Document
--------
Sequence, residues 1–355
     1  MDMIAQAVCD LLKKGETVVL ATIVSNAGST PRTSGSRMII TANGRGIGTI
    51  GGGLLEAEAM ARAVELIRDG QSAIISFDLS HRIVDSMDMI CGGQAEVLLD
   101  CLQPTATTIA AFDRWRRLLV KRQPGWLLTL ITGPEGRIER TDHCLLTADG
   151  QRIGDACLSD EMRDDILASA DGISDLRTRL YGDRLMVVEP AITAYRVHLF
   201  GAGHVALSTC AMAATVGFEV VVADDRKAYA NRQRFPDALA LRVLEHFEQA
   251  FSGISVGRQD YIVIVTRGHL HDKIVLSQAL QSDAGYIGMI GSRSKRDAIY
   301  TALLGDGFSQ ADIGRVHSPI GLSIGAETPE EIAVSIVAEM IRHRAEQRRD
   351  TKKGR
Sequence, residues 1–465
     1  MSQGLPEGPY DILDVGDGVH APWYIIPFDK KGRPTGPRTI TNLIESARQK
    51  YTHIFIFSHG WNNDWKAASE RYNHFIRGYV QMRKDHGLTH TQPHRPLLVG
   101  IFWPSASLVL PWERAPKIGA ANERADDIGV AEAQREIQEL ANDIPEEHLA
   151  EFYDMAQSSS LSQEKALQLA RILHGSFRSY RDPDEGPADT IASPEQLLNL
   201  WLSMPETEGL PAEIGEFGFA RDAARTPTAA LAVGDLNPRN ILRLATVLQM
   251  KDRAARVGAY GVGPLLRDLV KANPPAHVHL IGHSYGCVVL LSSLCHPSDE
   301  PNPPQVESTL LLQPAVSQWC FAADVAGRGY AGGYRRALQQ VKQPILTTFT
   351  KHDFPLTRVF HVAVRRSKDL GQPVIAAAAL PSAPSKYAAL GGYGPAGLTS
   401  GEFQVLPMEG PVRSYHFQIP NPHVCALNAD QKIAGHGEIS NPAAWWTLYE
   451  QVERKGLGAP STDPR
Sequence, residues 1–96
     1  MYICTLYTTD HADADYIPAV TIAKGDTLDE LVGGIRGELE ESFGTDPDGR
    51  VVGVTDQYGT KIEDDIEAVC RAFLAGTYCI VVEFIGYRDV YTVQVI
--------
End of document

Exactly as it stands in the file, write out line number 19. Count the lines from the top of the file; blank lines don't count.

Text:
   401  GEFQVLPMEG PVRSYHFQIP NPHVCALNAD QKIAGHGEIS NPAAWWTLYE